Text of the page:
• “Harvey Weinstein is trying to distance people from his trial before it even begins. Wednesday marked the third day of jury selection in the disgraced movie executive’s rape trial, and it’s already proving hard to keep anyone in the room. In addition to the dozens of potential jurors who’ve been disqualified from the case, Weinstein’s legal team has also tried to get well-known attorney Gloria Allred and the judge who’s overseeing it all barred from the courtroom altogether.”
  • “Weinstein’s issue with New York Supreme Court Judge James Burke began Tuesday morning when he called out the defendant for using his phone in the courtroom ahead of the proceedings… Burke came out for the proceedings and asked Weinstein ‘Is this really the way you want to end up in jail for the rest of your life, by texting in violation of an order?’ ‘These comments reflect the court’s animus towards the defendant,’ Weinstein’s legal team argued in a letter calling for Burke’s removal from the case.”

These were rejected in the case of Allred:

  • “Weinstein attorney Damon Cheronis expressed concern that her presence could potentially allow her to coach or influence witness testimony and that Allred herself may be called as an impeachment witness. “It’s not because I’m trying to attack Ms. Allred. I’m trying to protect Mr. Weinstein’s right to not have witnesses in this courtroom,” Cheronis said.”
  • “On Wednesday, Justice James Burke denied the defense’s motion to eject her during the proceedings. ‘There would be no actual harm as to impeaching her simply for having observed the trial,” Burke said. “She may remain and she should certainly be on the witness list.'”

And in the case of the judge:

  • “‘All I meant to do was scare him enough for him to discontinue use of his phones,’ Judge James Burke said in denying the defense’s motion for relief and recusal on Thursday. ‘I never actually meant that I was going to put your client in jail for life.'”
  • “Burke said that Weinstein ‘was noncompliant and defiant and challenging to the court officers when asked to put away his phones.’ The judge reiterated multiple times that he has not made up his mind on the sexual abuse charges against Weinstein, despite the defense’s accusation of bias against the Hollywood producer.”
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Risk Update

Keeping out of Trouble in 2020 (Ethics Advice from an Expert)

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Tis the season for New Year’s risk resolutions and advice. Karen Rubin offers a nice summary of this ilk with: “Five ways to stay out of ethics trouble in 2020” —

  • Bill carefully. Billing was big news at the end of last year, with reports about the lawyer who failed to keep contemporaneous time records and was suspended for overcharging clients based on her reconstructions of the work. In addition, there was the federal suit filed early in the year, with the allegation that a firm’s “block billing” obscured overcharges. (The plaintiff voluntarily dismissed the case two weeks after filing it.) There are lots of ethics issues relating to legal fees in general — dividing them with other lawyers; whether you must deposit them in an IOLTA or IOTA; what to do in case of a fee dispute with a client — but everything depends on the core notions of charging a reasonable fee, communicating the basis of that fee to the client, and keeping the client informed about the bill as you go.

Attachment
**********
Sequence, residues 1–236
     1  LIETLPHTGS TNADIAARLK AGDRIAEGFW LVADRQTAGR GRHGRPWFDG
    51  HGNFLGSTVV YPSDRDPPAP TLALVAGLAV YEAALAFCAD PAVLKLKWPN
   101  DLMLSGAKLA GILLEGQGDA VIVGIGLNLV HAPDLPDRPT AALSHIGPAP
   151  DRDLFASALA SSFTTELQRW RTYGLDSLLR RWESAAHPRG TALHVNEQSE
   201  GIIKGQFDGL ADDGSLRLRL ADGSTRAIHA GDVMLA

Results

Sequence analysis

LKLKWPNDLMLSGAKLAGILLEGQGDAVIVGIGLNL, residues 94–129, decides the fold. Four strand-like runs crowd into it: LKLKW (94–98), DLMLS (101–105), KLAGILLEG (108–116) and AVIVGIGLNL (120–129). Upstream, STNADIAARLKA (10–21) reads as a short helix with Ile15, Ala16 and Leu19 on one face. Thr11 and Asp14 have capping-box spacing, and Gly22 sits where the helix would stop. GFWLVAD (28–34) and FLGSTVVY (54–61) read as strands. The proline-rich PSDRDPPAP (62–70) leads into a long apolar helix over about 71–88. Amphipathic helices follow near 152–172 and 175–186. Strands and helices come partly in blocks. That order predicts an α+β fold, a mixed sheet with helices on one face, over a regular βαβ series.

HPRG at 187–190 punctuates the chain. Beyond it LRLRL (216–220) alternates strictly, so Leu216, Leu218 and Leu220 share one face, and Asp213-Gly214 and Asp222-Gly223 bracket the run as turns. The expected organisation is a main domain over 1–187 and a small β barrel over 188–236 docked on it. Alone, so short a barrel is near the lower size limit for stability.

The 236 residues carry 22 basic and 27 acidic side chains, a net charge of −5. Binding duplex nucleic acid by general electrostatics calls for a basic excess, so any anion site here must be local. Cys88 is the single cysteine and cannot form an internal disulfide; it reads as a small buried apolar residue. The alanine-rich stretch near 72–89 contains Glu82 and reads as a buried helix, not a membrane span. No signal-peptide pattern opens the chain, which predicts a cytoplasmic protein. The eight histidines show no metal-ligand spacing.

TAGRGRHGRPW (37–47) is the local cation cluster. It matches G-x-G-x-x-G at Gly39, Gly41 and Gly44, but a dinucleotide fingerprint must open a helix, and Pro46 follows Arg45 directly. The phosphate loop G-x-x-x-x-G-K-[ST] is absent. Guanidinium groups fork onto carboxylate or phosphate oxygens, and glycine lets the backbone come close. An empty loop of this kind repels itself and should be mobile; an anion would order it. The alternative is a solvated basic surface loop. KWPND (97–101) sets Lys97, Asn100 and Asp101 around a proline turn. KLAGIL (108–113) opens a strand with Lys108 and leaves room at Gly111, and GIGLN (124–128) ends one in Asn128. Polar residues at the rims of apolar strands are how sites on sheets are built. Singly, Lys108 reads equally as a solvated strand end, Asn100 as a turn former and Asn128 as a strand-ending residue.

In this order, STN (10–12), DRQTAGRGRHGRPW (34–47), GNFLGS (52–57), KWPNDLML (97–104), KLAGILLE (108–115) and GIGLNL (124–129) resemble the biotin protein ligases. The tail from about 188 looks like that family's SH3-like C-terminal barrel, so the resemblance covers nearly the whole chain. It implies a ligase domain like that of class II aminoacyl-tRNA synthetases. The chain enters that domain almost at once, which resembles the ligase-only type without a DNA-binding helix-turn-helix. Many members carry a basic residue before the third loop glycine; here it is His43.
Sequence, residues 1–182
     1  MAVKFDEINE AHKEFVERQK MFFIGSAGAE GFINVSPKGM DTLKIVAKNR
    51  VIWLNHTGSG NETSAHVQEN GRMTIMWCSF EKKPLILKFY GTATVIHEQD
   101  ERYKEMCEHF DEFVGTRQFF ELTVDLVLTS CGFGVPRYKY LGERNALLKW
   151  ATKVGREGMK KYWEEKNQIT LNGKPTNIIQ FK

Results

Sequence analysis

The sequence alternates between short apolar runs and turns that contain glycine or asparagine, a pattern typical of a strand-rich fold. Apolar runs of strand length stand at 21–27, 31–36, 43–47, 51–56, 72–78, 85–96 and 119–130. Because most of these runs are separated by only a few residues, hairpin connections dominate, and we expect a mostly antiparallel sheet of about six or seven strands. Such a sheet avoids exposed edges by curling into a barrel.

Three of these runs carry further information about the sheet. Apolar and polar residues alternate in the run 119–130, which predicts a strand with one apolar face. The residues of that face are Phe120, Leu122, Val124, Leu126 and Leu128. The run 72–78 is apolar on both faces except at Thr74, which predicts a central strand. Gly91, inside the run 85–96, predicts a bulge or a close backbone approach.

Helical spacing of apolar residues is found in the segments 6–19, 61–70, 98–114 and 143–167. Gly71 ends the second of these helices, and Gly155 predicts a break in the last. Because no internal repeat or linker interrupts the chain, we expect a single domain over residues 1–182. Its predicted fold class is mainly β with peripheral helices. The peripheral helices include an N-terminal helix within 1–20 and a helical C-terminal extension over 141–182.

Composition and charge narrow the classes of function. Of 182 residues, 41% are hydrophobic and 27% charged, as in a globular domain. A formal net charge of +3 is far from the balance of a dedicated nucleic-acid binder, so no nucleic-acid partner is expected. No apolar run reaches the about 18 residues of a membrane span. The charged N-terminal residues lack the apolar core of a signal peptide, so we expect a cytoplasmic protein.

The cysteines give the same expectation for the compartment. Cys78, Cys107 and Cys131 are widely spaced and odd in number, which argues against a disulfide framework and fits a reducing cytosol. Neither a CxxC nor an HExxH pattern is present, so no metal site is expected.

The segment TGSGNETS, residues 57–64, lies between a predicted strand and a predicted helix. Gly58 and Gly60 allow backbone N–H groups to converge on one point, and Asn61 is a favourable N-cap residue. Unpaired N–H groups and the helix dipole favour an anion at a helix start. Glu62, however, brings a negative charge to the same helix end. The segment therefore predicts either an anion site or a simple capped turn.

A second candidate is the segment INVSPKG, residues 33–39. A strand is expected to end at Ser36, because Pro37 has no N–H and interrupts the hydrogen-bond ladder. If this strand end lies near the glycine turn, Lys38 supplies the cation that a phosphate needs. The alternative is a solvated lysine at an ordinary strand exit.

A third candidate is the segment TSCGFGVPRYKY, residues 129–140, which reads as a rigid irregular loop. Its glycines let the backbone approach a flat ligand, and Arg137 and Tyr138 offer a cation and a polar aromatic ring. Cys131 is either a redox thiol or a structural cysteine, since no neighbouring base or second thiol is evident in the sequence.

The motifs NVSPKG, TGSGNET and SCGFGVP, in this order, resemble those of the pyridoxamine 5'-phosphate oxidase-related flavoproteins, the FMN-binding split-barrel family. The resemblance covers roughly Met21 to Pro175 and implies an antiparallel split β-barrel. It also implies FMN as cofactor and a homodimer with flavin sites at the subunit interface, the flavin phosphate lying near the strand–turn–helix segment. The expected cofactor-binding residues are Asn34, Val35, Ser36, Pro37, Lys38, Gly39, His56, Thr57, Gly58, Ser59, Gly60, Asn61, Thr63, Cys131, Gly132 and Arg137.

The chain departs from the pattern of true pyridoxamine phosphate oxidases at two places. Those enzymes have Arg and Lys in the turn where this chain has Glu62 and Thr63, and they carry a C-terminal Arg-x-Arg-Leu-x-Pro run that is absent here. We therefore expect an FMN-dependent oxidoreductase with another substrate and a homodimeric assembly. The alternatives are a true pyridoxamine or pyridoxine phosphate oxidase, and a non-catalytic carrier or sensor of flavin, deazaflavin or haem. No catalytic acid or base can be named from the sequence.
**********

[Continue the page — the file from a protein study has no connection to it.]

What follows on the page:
• Watch for conflicts. Getting disqualified is never a good thing, but conflicts of interest led to just that result in a couple cases providing some important take-aways. For instance, in the government context, the DQ of an entire prosecutor’s office based on the chief prosecutor’s previous representation of the defendant while in private practice underscored the role that imputation plays under Model Rule 1.10 and 1.11 in spreading the “taint” of a disqualifying conflict. And a lawyer who represented a massage parlor in the sale of the business was DQ’d in a suit over the deal because his previous representation of the buyer was “substantially related” to his work for the seller under the state’s version of Model Rule 1.9.”
  • Keep it confidential. Technology played a role in two situations last year that spotlighted confidentiality concerns. In January, lawyers for President Trump’s former campaign chairman Paul Manafort failed to redact a document properly, leading to disclosure of the hidden contents when it was filed with the court. And a lawyer’s Facebook posts that disclosed enough information about a client that she recognized herself resulted in a public reprimand for violating the duty of confidentiality. The place where social media, technology and our confidentiality obligations intersect is a place to be cautious.”
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Risk Update

New Year, New Risks — DAC6 Mandatory Tax Reporting Disclosures are Coming…

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The folks at Intapp were first to put this new risk issue on my radar, which goes into effect later this year, as it carries implications for law firm data capture on the intake/conflicts and compliance when working with clients on relevant matters in affected geographies: “What firm leaders need to know about DAC6” —

  • “DAC6, the European Union directive on administrative cooperation — formally known as Council Directive 2018/822/EU of 25 May 2018 — sets down new regulations for certain cross-border arrangements, and mandates transparent reporting requirements for companies doing business in E.U. member states. Tax advisors, professional services firms, and taxpaying companies alike are grappling with new disclosure rules, which will be fully implemented my mid-2020.”
  • “Under DAC6, companies entering into — or advising on — cross-border arrangements will need to report these arrangements to local authorities, regardless of whether or not the relevant transactions were primarily motivated by tax benefits. As a result, many relatively mundane financial transactions — leasing, reinsurance, corporate funding, and acquisition finance — are now subject to E.U. reporting mandates. And, in some cases, multinational entities with headquarters outside of the E.U. are also subject to DAC6 requirements.”
  • “Notably for professional and financial services firms, DAC6 obligations apply equally to business intermediaries as to the taxpayer. DAC6 requirements are also shared by all intermediaries, so a single business event could trigger reporting requirements for a number of firms — lawyers, accountants, service providers, and private equity managers — in addition to entities that are party to the transaction.”